Connor Sheridan's picks
I understood just how serious Below was being with me when I realized why that heart icon was still on the screen. My character wasn't healing the damage she took in the last fight, she was slowly bleeding out. All she had in her pack was a torch and some potatoes, so wanting for proper medical attention, I set her limping back to the closest campfire. Once she got there, she heated her sword in the fire and pressed it against her wound, gasping in pain as it cauterized her injury and stopped the bleeding. Ok, I thought, super serious.
She was one of the lucky ones. You will die on your way down to the bottom of Below, either because you step in a deadly trap, or you run out of food, or a totally manageable monster encounter suddenly turns against you. Then the next foolhardy soul you control will have to search for your skeletal corpse, loot your precious lantern, and try to get further than you did.
Yes, Below is one of those games, with permadeath and randomly generated maps, but that doesn't define it - this lonely, tilt-shifted island is located somewhere in the Bermuda Triangle bounded by Zelda, Dark Souls, and Spelunky. You can start exploring it this summer on PC and Xbox One.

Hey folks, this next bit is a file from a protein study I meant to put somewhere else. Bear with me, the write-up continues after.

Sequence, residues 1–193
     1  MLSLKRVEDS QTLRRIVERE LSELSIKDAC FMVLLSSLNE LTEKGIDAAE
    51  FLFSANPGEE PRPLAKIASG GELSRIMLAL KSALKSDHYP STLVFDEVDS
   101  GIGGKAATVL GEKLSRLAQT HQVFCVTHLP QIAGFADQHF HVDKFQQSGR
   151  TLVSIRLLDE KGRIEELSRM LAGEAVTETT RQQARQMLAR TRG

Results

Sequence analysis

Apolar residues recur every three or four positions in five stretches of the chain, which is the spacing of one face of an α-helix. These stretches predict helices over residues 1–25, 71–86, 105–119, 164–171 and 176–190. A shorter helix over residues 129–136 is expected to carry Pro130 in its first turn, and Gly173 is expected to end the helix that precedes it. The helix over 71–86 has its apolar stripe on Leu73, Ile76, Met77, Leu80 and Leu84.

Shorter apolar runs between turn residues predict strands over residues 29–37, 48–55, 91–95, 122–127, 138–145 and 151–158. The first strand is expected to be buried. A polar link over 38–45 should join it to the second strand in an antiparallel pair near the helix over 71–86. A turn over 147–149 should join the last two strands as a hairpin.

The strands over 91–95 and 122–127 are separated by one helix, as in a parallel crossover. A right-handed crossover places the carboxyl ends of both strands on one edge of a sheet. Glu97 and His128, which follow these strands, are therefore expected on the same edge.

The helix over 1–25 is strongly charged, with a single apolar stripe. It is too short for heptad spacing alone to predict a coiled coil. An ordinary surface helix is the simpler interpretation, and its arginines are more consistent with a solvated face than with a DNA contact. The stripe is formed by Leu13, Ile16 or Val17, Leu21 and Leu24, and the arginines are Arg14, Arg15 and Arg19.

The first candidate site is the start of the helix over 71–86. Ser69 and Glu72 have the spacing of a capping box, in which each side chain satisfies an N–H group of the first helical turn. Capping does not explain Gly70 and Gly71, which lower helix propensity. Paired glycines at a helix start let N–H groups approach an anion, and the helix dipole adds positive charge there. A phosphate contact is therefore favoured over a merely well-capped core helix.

Fated: The Silent Oath
My demo of Fated began with a woman - my wife, so she tells me - talking casually about how I had an accident and apparently lost my voice. She's riding with me on a horse-drawn wagon and she asks if I think it improved my driving. I nod and she laughs. Later, when I drop into slow motion so I can steer the horse around boulders flung by an an enraged giant, I realize that it probably wasn't just a joke.
Fated is a virtual reality story that puts you behind the braided beard of a man trying to save his family from Ragnarok. Even if you don't know Urd from Skuld, you're probably familiar enough with Norse mythology to appreciate that Ragnarok isn't an easy thing to survive. I only got to try the wagon ride bit, but the developers told me that there is much more to the story, and I'm eager to try it.
Ok, one last thing I should note: my demo of Fated took place on top of a specially constructed wagon seat, complete with rubber reins to guide my virtual horse, and in front of a set of fans that blew cool mist at me when I rode past a virtual waterfall. My experience was not quite what the average user will have when Fated hits Oculus and Vive on Friday, and PlayStation VR at launch in October (though I hear you can do a lot with Arduino these days). Special effects aside, it was still an intriguing use of VR to put you not just in a place, but in the head of a father trying to do right by his family.
Strategy games have a reputation for being overwhelming, requiring players to give unique orders to scads of units every single turn. In Pit People, the latest game from the creators of Castle Crashers and Battleblock Theater, the burden of leadership is lighter: you don't ever tell your handful of soldiers what to do, you just tell them where to go. Once you pick the little hexagonal tile you want them to stand on, you lock in the turn and see what happens.